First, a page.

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Earlier today I spent several invigorating hours talking to two analysts, one of them is a good friend, who are gathering material for a case study on social software and collaboration and were interested in my approach and experience of introducing corporations to the world of social web/media/software. In a nutshell it is ‘technology comes after or behind people’ and I find the tools only as interesting as their functionality and usability helps people do whatever they need to do.

Social software has an added dimension, which is that it should not be handled or implemented by IT departments or even marketing or HR departments, and certainly not in a traditionally organised and run enterprise. So I wasn’t sure whether I could offer what they are looking for.

Interesting and worthwhile knowledge emerged from the discussion but I am yet to be convinced about it lending itself to case study format and whether it has any meaning within the current metrics requirements.

Here is an example: I described the ‘implementation’ of a wiki used by the staff in a team of about 40 people. The wiki has been set up for sharing of work priorities on a weekly basis, to notify others about absence from the office, projects, holidays, announcements. It was originally set up for one specific purpose – to save several hours a week for the person collating information into an email that became obsolete almost the moment it was dispatched to everyone.

Very quickly more information and functions were added as their usefulness became apparent. It would be fair to say that the wiki has turned, gradually and without much ado into a kind of team intranet. It has been ticking over in the background with the users driving and looking after it. Not the IT department which has had zero involvement.

Now what about the value of the wiki? The current metrics allow for a straightforward calculations based on time saved for the one person and then distributed across more people who now have contribute to the wiki. Not a huge deal really and the time saving alone would most likely not warranty the introduction of the wiki, if that’s how its implementation had been approached it.

The value of correct and better class of information, timely and updated as needed, adjustments to the type of information recorded, the focus the wiki brought to the department, the better communication seems always lost in such calculations. There are, after all, no metrics for it. However, true metrics zealots would deny there is value in the above and these are direct outcomes of the tool.

But what about the indirect ones? They are the most valuable aspects of the wiki’s impact but they cannot be tied in any measurable way to it.

1. The autonomy employees experience when driving not only the content but also the structure of a collaborative working place. The sense of ownership and ability to have impact – social software tools are almost exclusively under the control of the individual as they are build around the user (the good ones anyway) and this brings an unheard of degree of user-centricity to inflexible process-driven environments.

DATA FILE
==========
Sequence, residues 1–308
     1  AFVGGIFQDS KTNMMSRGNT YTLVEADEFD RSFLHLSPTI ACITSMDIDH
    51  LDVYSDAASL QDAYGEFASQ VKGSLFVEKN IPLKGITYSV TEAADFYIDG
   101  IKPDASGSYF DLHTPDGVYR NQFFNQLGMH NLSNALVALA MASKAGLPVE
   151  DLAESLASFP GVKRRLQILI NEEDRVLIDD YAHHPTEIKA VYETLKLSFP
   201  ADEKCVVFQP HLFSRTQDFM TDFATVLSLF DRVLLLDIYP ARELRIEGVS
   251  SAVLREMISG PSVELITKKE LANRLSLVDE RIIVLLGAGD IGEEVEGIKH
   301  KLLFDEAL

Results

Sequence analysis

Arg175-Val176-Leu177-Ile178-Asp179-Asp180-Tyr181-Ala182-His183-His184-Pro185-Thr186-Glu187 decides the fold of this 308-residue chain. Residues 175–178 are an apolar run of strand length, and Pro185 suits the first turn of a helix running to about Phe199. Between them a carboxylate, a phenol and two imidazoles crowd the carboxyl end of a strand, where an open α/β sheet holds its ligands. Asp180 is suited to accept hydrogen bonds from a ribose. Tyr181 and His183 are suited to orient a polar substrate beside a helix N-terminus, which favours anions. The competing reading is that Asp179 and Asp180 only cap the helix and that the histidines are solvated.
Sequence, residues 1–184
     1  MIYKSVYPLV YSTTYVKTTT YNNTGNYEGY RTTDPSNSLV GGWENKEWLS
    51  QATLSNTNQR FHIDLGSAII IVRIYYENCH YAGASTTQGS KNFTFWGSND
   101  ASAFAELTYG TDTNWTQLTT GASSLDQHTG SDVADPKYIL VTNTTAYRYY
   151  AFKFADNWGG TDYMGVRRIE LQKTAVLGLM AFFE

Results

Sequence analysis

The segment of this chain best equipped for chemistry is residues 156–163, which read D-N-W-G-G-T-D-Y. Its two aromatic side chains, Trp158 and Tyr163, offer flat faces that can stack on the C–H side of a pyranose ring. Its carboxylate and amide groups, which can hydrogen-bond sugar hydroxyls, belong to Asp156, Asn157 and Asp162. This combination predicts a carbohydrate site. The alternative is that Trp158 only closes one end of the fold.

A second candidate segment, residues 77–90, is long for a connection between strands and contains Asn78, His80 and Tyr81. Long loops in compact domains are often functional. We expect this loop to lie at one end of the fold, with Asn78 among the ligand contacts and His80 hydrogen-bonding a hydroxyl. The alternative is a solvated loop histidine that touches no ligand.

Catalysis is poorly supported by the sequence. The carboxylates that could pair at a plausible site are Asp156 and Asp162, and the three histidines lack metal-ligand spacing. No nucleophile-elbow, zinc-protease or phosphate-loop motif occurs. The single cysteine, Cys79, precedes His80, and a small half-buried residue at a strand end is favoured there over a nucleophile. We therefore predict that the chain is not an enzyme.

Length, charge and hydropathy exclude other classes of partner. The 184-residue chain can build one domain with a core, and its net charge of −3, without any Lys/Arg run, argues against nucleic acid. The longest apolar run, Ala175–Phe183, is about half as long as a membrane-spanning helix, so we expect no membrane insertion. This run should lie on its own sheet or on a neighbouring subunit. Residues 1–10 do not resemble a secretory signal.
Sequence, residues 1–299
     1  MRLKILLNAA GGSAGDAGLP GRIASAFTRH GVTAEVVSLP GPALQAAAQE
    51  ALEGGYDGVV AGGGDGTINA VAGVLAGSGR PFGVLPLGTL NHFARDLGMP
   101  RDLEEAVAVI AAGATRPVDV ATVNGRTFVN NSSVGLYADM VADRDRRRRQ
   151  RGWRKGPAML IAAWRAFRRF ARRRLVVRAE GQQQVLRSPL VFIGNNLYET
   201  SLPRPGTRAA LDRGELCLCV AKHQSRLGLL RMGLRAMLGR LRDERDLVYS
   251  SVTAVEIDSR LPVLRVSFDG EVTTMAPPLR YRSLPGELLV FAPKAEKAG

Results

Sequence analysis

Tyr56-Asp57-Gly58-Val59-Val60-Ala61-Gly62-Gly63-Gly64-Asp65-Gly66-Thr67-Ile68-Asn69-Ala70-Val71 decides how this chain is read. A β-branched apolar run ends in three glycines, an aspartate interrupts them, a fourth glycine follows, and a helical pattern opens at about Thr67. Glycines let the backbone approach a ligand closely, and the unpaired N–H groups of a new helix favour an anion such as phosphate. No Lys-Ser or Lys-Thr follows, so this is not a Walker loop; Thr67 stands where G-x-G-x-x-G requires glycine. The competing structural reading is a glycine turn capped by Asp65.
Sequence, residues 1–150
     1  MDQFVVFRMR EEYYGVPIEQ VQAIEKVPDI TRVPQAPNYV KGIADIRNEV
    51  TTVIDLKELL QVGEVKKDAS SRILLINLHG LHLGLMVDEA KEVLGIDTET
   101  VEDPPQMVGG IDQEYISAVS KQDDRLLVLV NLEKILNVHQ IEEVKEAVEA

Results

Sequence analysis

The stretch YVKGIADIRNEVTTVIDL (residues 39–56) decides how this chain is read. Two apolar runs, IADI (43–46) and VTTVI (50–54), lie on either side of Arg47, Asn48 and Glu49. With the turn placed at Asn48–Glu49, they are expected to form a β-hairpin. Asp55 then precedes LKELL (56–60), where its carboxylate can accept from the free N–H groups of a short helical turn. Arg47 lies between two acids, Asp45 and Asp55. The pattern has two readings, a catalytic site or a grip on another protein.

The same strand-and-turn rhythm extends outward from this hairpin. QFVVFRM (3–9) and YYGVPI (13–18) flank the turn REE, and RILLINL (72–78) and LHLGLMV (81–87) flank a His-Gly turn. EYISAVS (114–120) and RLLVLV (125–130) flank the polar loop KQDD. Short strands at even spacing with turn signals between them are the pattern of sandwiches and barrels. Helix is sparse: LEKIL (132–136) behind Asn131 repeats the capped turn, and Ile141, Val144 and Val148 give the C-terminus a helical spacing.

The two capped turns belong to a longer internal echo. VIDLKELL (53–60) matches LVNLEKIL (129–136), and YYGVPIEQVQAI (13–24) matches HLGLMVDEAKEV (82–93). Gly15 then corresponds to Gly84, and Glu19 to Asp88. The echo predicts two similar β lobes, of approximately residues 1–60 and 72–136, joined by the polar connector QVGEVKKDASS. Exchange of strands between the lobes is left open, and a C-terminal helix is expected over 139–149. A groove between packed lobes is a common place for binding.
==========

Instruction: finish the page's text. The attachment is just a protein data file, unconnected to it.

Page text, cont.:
2. The first hand knowledge of the tool, the experience of its capabilities and limitations. The value there is those same employees will introduce the wiki they use regularly in one areas of work into other areas and projects. I’d argue that this is the most significant and long-term value of social media and social software tools at this stage of their use in enterprise. If anyone tells me they can put metrics on that, I’ll just call them a consultant (not a nice thing in my book!).

In short, the current metrics and the way we approach measurement of value in enterprise is deeply flawed and inadequate. The answer is to look at alternatives measures of value that we can’t see it for the metrics right now.

What’s in a social network? A Facebook by any other name would be as useless… discuss

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A friend shared with me a link to this article about how pointless Facebook is.. and while we are at it the whole social networks malarky etc etc…despairing how some people around her are taking refuge, er, applauding wisdom contained within.

I am not an indiscriminate fan of social networks and some of Fabrizio’s gripes have a point especially the one about privacy… although he does come across as an old cranky, dare I say it, web-o-phobe. His objections against Facebook and social networks are not entirely unreasonable and from a personal perspective justified. I would just add that if others subscribe to them too enthusiastically, without further thought, I fear it says more about them, than the nature of social networking. So let’s have that further thought, shall we?

1. The whole thing of social networking is mere bullshit to me.

I would agree that Facebook is pretty pointless in terms of its applications and overall usefulness for a blogger geek like me is zero. However, that is a far cry from social networking being mere bullshit. It is a phenomenon that is worth noting and dismissing it will make you only more ignorant of what is truly happening.

Networking on Facebook, MySpace and other silos is like taking driving lessons. There is no recognisable direction. It seems kind of pointless unless you know that it is just learning and practising. Facebook and MySpace seems a lot like that to me. But once people work out how to drive, how to operate the machine and how to get from point A to point B, they will be able to decide what the B is and get around on their own. And that’s when the real fun starts.

2. It’s not the right way to communicate with my friends.